Congenital heart defects are the most prevalent and severe among all birth defects. Each year, 1.35 million infants are born with CHDs worldwide, affecting 8.1 infants per 1,000 live births. A substantial number of affected infants die in infancy, and many who survive may require repeated surgeries and lengthy hospitalizations. There are currently few strategies for reducing the public health impact of CHDs.
Most CHDs are due to a complex relationship among genetic, epigenetic and maternal lifestyle factors. The majority of current studies have evaluated each genetic, epigenetic or lifestyle factor one at a time. Li’s research will investigate how these factors can jointly increase the disease risk. The study aims to address three challenges in CHD research: 1) the genetic heterogeneity of CHDs, known as “all happy families are alike; each unhappy family is unhappy in its own way”; 2) the functional effects of genetic factors within cardiac tissues, such as the association between genetic and epigenetic factors; and 3) the complex interactions among genetic, epigenetic and maternal lifestyle factors.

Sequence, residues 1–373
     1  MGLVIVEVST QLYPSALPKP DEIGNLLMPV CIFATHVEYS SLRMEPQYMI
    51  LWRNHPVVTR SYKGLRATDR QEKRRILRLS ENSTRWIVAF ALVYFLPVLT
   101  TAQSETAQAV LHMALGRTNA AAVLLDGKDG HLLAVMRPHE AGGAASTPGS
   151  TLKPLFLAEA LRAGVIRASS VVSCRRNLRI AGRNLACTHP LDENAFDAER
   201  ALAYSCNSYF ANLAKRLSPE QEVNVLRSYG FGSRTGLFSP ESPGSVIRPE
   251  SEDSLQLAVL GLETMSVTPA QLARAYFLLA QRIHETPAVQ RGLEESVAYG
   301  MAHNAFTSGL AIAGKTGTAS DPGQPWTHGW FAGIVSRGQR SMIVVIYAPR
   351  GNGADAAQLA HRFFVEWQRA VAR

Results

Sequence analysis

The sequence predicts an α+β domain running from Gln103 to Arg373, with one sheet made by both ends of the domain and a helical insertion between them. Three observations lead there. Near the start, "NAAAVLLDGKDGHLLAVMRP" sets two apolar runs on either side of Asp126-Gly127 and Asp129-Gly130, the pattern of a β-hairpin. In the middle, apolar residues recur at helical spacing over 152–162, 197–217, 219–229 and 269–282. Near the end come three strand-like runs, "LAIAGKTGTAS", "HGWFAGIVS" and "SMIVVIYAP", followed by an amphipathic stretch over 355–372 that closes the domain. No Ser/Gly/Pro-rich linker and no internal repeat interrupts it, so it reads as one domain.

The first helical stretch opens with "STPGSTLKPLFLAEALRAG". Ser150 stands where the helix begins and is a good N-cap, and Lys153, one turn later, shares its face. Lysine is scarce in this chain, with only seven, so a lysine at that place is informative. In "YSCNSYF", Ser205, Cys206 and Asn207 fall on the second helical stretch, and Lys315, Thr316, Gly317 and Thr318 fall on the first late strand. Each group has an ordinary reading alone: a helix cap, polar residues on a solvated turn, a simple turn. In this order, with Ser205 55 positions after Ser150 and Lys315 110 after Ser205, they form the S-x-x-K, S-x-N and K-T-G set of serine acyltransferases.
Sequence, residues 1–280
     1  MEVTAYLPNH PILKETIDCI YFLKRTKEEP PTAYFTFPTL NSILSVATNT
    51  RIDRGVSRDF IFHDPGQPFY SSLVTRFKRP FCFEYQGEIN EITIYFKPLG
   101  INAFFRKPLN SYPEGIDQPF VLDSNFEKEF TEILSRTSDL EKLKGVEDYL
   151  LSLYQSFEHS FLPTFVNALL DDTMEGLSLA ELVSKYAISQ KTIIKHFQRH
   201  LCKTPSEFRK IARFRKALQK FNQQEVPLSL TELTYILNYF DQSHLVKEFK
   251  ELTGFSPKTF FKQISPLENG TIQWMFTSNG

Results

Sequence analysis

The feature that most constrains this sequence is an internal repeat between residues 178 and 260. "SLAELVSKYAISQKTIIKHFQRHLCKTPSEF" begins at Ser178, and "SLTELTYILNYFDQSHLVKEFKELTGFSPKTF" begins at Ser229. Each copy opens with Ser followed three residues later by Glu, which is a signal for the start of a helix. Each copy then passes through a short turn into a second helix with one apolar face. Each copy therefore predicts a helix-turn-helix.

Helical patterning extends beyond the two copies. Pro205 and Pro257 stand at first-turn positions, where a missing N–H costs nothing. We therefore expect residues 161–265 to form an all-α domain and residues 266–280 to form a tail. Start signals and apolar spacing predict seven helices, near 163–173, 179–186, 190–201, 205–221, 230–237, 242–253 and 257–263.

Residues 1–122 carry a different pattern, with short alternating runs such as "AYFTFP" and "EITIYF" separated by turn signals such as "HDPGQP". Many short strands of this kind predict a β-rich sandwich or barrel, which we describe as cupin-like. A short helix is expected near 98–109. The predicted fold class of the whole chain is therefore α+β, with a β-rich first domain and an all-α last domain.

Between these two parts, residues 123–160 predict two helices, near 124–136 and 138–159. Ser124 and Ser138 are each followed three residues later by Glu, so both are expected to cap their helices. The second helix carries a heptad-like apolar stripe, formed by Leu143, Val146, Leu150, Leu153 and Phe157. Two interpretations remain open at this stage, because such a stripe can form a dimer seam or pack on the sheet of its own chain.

Li notes, “The findings will likely provide insights into the underlying pathophysiological and etiological processes that result in CHDs. Additionally, they may help us to identify perspective mothers at higher risk based on their genetic, epigenetic and lifestyle factors, providing new directions for more precise preconceptional counseling and interventions of congenital heart defects.”
Li will be mentored by a group of experts from across the United States, including Nianjun Liu, professor of epidemiology and biostatistics at the IU School of Public Health-Bloomington.